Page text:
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History of the Pavilion

Worthing‘s original Pier Pavilion was replaced nearly 100 years ago by the current majestic building. The original had been a quarter of a mile from the pier’s toll gate but the council bought the iron pier in 1920 in order to provide high-quality, year-round entertainment for the town. They achieved their dream when the new Pier Pavilion was opened by Mayor Walter Gardiner at the sea end of the pier on June 25th 1926.

The new Pier Pavilion was designed by architects Adshead and Ramsey, inspired by the magnificent concert halls of Rome, Nice, Vienna and Paris. Stanley Adshead was determined that, “Nothing be lacking in Worthing’s Pavilion”, he wanted to bring the opulence and musical heritage of Europe to the town. The Pier Pavilion was home to the municipal orchestra and just like today, both plays and a musical programme were presented at the Pier Pavilion, before the local repertory company moved permanently to the Connaught Theatre.

By May 1929 spectacular summer shows were being performed at the Pier Pavilion and there were nightly queues for returned tickets to see popular entertainers of the day: Rex London with Elsie and Doris Waters.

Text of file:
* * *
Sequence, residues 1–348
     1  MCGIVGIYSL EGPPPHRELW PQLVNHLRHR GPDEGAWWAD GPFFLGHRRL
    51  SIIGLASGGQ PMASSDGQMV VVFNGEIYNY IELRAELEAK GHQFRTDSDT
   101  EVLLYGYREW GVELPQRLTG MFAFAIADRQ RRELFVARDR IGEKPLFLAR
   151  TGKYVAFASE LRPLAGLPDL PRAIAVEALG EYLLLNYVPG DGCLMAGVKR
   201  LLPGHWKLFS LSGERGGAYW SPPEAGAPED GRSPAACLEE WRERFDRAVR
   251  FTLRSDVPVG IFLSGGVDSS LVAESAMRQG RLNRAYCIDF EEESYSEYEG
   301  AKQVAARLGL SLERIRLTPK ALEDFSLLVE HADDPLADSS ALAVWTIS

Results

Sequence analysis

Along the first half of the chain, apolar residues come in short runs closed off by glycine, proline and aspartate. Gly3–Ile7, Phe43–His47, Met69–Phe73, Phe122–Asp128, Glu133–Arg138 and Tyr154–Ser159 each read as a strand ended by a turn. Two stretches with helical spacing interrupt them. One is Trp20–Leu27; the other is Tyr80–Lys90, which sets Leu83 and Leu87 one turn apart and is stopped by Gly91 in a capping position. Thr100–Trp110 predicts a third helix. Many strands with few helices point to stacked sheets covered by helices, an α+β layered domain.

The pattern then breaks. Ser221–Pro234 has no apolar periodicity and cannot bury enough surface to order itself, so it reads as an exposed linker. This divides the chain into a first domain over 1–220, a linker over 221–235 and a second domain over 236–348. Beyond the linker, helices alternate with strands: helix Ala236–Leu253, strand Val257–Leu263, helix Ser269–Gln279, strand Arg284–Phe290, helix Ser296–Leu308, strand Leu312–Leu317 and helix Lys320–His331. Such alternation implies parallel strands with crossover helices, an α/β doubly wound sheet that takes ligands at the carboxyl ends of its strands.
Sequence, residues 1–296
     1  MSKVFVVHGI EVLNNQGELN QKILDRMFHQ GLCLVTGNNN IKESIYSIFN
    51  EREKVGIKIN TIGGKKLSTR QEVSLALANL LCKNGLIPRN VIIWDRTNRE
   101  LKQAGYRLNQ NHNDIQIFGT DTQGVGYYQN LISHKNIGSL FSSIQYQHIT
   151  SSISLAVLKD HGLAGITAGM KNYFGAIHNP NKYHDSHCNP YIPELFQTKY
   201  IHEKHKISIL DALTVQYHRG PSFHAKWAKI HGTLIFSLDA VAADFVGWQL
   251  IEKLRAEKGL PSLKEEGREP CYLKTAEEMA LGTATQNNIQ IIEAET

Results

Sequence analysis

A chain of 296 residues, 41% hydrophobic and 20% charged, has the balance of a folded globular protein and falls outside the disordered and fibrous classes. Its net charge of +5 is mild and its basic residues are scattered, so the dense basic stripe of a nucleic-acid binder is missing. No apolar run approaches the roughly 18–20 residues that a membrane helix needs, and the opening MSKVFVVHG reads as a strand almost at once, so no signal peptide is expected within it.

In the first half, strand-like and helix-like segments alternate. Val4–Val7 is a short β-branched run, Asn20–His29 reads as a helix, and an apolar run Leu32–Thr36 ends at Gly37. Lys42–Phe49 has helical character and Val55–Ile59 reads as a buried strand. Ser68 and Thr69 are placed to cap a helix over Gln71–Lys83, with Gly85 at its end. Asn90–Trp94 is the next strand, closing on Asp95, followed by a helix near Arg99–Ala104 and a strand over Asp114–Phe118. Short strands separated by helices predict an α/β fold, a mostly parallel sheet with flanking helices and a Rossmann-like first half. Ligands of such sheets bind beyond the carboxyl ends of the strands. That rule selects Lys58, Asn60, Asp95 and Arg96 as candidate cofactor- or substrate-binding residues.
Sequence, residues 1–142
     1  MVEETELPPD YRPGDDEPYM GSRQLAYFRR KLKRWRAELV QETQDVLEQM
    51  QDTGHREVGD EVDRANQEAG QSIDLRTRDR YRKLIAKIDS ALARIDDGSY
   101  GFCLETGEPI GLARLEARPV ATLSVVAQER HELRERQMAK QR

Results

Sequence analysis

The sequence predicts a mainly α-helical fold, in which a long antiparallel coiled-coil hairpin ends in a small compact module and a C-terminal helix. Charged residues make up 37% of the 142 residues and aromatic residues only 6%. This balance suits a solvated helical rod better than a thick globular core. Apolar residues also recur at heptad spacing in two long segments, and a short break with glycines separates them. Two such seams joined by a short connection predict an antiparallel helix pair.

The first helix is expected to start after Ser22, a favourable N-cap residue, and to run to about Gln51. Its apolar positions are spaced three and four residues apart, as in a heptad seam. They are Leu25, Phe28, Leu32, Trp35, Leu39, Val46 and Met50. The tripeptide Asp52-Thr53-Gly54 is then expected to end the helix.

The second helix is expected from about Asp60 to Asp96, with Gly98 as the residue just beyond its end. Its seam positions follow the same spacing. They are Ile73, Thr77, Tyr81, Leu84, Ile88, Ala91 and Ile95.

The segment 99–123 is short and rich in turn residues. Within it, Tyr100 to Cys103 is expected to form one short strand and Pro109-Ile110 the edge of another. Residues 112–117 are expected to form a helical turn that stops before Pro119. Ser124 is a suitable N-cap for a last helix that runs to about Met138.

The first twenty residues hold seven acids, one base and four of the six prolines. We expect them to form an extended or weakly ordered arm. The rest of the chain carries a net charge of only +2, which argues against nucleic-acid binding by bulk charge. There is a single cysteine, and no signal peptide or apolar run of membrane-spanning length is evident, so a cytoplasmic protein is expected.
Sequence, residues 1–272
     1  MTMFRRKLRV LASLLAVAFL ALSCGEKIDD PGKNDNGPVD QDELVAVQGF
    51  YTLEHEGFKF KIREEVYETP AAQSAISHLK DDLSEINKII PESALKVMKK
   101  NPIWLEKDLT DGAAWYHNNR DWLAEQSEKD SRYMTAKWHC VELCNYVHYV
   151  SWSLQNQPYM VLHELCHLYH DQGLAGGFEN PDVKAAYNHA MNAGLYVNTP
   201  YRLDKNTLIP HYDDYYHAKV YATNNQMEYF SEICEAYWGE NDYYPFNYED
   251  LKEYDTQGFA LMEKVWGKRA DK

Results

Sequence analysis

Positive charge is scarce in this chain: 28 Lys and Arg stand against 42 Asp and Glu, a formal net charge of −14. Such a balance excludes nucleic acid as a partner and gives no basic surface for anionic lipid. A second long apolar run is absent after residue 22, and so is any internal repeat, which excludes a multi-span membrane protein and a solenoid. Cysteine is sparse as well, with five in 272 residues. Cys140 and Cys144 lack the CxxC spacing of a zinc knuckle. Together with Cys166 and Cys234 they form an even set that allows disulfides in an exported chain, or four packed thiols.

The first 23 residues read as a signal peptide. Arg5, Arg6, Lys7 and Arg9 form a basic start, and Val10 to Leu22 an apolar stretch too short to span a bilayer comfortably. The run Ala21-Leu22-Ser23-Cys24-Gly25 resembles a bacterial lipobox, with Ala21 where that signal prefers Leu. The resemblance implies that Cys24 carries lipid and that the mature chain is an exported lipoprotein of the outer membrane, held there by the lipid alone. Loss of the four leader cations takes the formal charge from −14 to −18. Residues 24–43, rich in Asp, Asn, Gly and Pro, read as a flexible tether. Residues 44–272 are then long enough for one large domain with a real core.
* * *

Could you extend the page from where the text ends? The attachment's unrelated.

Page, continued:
However by 1932 only the municipal orchestra and Saturday variety shows remained here and for a while its future looked bleak. Despite negativity about the expenditure on the venue, the theatre survived and in 1940, after the south coast became a bastion against wartime invasion, the pier and theatre were closed. In the spirit of show business the Pier Pavilion re-opened as a garrison theatre in 1942 and it upheld the tradition of varied entertainment in Worthing.

By 1970 the theatre was flourishing and canopies were added to the outside of the building before the whole venue was closed between 1979 and 1982 for refurbishment.

The modernised building gradually became known as the Pavilion Theatre and its proscenium arch which frames the stage with depictions of the muses was repainted in 2010 and features the ancient Greek names of each muse next to their images.

From the earliest performances at the Pavilion through to today, audiences have enjoyed musicals, concerts and dazzling theatre. Ken Dodd, Norman Wisdom, Mickey Rooney, Joyce Grenfell, Tommy Trinder and Gary Wilmot have all performed here as well as recent performances by Julian Clary, Jethro, and Joe Brown. The charm of the Pavilion Theatre is that in addition to the stage shows, carpets are regularly rolled back to reveal a fully-sprung dance floor which allows cabaret, circus and ballet to be performed to audiences of 850 to 1100.